The head of the director Friedrich Wilhelm Murnau, the author of “Nosferatu”, one of the masterpieces of German Expressionist cinema, was stolen from his tomb, according to the direction of the cemetery Stahndorf, near Berlin.
The authors of the plan have deliberately targeted the remains of the director, the coffins of his brothers, in the same vault is still intact, the source said, quoted by the German news agency dpa.
Asked by the Bild newspaper, the head of the cemetery, Olaf Ihlefeldt, claims to be “sure that the incident occurred between 4 and 12 July”. “I guess the door (the vault) was opened with a wire,” he said, recounting “have had a shock” when he opened the coffin, “they had won the head.” A spokesman for the Berlin police, also quoted by the newspaper, said he did not exclude the acts fall practices “occult”.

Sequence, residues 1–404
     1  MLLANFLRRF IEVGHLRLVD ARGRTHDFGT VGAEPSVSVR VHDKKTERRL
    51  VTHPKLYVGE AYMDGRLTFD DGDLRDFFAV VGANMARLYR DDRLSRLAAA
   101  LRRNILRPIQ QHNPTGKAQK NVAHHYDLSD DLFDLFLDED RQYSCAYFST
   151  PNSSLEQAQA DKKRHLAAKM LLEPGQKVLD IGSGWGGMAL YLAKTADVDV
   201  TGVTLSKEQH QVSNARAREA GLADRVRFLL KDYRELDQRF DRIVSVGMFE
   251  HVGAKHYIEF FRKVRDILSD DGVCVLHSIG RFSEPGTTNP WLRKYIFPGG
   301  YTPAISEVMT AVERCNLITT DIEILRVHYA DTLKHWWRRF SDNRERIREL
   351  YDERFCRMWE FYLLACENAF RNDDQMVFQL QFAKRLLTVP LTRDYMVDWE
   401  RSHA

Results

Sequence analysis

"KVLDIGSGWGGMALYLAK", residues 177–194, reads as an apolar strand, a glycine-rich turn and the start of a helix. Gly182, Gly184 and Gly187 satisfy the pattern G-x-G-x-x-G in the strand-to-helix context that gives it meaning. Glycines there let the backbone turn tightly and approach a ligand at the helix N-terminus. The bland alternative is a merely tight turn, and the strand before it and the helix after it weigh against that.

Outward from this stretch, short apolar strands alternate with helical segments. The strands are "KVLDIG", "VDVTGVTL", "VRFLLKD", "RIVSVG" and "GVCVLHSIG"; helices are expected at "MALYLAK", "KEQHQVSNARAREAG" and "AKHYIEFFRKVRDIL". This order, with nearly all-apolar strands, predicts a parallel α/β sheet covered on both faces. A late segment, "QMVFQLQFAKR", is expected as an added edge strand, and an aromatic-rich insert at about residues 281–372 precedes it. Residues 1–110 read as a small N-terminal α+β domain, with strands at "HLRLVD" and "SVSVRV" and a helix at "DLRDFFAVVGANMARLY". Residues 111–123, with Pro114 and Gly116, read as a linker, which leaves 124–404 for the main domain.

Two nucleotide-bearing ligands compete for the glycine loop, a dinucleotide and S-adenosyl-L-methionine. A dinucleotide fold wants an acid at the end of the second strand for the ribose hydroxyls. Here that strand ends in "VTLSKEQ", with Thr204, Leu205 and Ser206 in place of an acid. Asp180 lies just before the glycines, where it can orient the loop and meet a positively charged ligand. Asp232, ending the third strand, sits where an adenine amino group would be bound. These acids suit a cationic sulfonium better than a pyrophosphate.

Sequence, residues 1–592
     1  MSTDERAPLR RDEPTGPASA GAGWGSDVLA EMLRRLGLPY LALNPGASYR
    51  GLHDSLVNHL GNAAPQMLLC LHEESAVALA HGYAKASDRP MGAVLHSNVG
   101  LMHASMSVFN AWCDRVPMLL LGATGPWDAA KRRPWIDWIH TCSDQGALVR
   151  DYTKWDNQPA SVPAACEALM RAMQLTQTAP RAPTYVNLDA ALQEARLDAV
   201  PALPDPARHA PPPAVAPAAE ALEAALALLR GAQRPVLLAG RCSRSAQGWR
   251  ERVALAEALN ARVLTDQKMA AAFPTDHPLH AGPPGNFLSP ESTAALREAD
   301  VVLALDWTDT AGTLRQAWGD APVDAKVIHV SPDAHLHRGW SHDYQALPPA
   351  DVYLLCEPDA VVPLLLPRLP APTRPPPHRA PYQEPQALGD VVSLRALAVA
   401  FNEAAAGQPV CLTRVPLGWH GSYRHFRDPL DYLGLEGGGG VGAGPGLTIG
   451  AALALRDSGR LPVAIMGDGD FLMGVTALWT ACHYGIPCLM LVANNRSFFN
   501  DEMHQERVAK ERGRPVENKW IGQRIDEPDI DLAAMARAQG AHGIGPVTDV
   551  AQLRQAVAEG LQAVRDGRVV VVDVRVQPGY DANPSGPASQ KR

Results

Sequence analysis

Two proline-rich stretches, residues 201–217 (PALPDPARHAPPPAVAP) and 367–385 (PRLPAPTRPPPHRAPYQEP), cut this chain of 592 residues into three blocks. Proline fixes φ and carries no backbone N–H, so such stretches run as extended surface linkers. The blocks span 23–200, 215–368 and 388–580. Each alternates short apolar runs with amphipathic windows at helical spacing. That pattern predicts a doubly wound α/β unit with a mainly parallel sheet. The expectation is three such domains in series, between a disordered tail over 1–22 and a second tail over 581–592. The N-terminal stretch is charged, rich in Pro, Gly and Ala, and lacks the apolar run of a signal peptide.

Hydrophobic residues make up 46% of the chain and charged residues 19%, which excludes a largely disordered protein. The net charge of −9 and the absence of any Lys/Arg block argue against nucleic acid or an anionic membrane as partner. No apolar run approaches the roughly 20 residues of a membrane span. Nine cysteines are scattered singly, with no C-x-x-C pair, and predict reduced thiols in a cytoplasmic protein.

Born December 28, 1888, Friedrich Wilhelm Murnau, whose real name is Friedrich Wilhelm Plumpe, became famous in 1921 by making “Nosferatu”, the classic German silent cinema.He earned international recognition with “The Last Laugh” (1924), before turning “Tartuffe” (1925) and “Faust” (1926).
Called to Hollywood in 1926, he won three Oscars with “Sunrise”. Seriously injured in a car accident in California, he died in March 1931, shortly before the release of his latest film “Tabu”.
(via Culturebox on FranceTV)